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Steelers players plunder Le'Veon Bell's locker a day after missed deadline

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Steelers players plunder Le'Veon Bell's locker a day after missed deadline

Le'Veon Bell decided not to return to the Steelers this season, and his former teammates have apparently decided they can have his belongings. 

The All-Pro running back didn't sign his $14.5 million franchise tag by Tuesday's deadline, and thus is ineligible to play this season.

Steelers player were seen plundering his locker Wednesday in front of reporters. Defensive end Bud Dupree went right for Bell's cleats, thanking him for the Jordan brand shoes and saying he wishes Bell success.

Quarterback Ben Roethlisberger told reporters he sent Bell his well-wishes, but got no response from his former backfield mate. 

It's unclear what Bell plans to do next, but it's crystal clear the Steelers have moved on, with his shoes in tow. 

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Lamar Jackson, Robert Griffin III prepared to start if hip injury sidelines Joe Flacco

Lamar Jackson, Robert Griffin III prepared to start if hip injury sidelines Joe Flacco

Rookie quarterback Lamar Jackson has had his fair share of life changing moments. 

Winning the Heisman Trophy in 2016, being drafted by the Ravens in the first-round of the 2018 NFL Draft, and come Sunday, possibly his first NFL start.

With Joe Flacco nursing a hip injury suffered against the Pittsburgh Steelers Week 9, the 21-year-old could be leading the Ravens for a full 60 minutes against division rival Cincinnati Bengals in what could be a defining moment of their season.

"I'm just going into it like any other week," Jackson said Wednesday. "Just preparing for whatever."

While Jackson has appeared in all nine games going 7-for-12 for 87 passing yards and one touchdown, he is the only first-round quarterback out of the 2018 draft that has yet to start this season. 

When asked how he would feel if his name is called Sunday, Jackson said he would have butterflies at first but added once the ball is snapped, "it's on."

Through the Ravens' first half of the season, how and when Jackson is utilized at either quarterback or receiver, has lacked consistency. Add in the lack of highlight reel passes from him and many are concerned he's not ready for an NFL start.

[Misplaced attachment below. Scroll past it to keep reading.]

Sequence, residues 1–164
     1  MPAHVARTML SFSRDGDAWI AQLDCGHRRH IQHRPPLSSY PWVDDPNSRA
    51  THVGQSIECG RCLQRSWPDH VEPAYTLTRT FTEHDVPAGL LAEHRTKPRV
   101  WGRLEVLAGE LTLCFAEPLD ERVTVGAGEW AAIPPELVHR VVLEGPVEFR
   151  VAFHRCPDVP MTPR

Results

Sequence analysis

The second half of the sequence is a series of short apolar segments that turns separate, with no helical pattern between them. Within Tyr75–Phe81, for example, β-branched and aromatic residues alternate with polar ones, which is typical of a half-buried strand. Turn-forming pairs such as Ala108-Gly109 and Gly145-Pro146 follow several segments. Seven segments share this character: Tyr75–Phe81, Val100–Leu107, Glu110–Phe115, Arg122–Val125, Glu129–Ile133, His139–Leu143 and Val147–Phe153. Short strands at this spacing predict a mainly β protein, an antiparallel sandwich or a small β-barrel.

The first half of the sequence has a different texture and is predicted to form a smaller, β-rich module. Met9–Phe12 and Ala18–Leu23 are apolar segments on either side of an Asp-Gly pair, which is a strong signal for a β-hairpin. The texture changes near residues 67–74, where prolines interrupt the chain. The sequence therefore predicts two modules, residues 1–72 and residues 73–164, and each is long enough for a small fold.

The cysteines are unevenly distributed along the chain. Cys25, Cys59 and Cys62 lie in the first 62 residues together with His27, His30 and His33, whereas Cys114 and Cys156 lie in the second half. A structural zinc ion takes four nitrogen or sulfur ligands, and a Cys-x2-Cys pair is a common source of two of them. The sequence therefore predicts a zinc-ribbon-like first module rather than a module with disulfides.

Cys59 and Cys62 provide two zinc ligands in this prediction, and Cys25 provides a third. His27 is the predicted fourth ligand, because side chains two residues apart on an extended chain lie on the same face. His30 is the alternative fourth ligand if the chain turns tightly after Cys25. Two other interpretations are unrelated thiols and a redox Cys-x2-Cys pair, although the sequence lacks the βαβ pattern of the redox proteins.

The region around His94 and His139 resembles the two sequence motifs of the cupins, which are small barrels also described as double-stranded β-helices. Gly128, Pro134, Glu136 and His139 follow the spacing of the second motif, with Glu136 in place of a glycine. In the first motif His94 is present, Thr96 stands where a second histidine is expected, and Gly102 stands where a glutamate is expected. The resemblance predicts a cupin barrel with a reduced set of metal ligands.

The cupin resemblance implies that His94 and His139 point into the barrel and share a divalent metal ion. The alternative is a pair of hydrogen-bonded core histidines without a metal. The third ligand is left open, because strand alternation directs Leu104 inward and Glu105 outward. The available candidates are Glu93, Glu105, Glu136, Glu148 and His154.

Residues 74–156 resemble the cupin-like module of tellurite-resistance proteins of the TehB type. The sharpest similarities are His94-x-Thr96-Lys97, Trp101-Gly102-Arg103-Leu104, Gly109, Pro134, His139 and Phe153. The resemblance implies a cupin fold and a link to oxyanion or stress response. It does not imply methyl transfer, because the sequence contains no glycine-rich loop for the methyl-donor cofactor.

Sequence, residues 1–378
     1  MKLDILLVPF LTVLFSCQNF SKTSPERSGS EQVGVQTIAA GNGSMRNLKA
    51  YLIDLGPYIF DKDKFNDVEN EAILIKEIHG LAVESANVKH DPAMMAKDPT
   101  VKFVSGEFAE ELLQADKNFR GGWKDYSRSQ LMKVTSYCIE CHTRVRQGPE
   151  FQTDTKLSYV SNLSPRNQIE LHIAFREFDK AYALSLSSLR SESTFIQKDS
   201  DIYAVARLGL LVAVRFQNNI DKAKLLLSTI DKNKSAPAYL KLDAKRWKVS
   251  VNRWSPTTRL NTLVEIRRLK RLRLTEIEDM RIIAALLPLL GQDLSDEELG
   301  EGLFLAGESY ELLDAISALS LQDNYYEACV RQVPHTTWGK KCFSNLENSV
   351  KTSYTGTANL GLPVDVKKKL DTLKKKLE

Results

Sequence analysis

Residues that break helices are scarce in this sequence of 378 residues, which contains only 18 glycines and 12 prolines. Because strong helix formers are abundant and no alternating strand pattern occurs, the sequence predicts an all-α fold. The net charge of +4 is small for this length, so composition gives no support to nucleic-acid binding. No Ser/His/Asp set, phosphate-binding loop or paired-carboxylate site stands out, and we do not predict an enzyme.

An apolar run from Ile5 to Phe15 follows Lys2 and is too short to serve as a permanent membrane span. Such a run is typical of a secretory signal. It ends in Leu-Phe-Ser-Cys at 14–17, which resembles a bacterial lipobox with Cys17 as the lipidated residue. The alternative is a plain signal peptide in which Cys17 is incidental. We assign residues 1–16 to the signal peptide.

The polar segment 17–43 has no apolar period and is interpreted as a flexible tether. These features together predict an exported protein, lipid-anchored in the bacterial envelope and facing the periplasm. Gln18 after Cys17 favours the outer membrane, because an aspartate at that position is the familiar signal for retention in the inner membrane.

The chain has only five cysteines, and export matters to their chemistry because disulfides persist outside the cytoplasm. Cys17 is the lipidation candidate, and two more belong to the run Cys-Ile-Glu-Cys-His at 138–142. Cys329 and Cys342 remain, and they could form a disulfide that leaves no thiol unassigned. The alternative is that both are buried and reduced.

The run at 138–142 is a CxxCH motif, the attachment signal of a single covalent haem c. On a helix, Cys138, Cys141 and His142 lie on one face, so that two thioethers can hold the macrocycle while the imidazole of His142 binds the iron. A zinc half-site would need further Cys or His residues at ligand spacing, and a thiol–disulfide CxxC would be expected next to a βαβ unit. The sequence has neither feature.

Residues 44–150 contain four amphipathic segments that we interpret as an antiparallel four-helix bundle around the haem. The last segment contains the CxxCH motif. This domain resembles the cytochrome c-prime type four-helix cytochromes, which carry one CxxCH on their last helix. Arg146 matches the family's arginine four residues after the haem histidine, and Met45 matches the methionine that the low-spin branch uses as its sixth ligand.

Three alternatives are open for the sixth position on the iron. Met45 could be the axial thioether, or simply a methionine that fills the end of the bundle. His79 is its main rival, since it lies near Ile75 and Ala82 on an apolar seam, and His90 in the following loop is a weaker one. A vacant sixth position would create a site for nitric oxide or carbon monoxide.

The fast style of NFL play compared to that of college football was something Jackson admittedly struggled with throughout the preseason. But with nine regular season games under his belt, Jackson feels that is the area where he's taken the biggest strides. 

"Calling the plays," Jackson said. "Before I'd have to ask coach a hundred times, 'say it again, say it again,' but now he says it one time to me. Don't get me wrong, sometimes if [the call] is long or whatever I have to ask [coach to] say it again, but other than that I'm getting better with that."

Head coach John Harbaugh offered no insight on who would be their starting quarterback on Sunday and it can be expected he'll keep hush up until the last moment. Flacco was not on the practice field during media availability Wednesday, either. 

But let's not forget the other veteran quarterback on their roster; Robert Griffin III

For the first time since 2009, the Ravens decided to keep three quarterbacks on their 53-man roster for this very reason.

After sitting out of football for a year, RGIII was given a second chance in Baltimore, but has been a gameday inactive since the start of the season. If the week progresses and neither Flacco or Jackson seem ready, it could be the comeback of the once Offensive Rookie of the Year. 

"That's my job. That's why they brought me here," Griffin III said Wednesday on if he feels prepared to possibly start. "They brought me here to be a pro. They brought me here to help this team if need be. I try to help the defense every week on scout team and then do those [reps], and if my number's called I'll be able to go out there and lead this team."

Both RGIII and Jackson said that it would be "awesome" if they were named the starting QB on Sunday, but that no matter who it ends up being they're all here for one another.

"I'm going to continue to help [Lamar] just like I have all season because we're about the Ravens here," Griffin III said. "It's not about individuals. We've got a pretty daunting task ahead with this Bengals team and then just with the rest of our schedule, so we've got to make sure we make the most of every opportunity."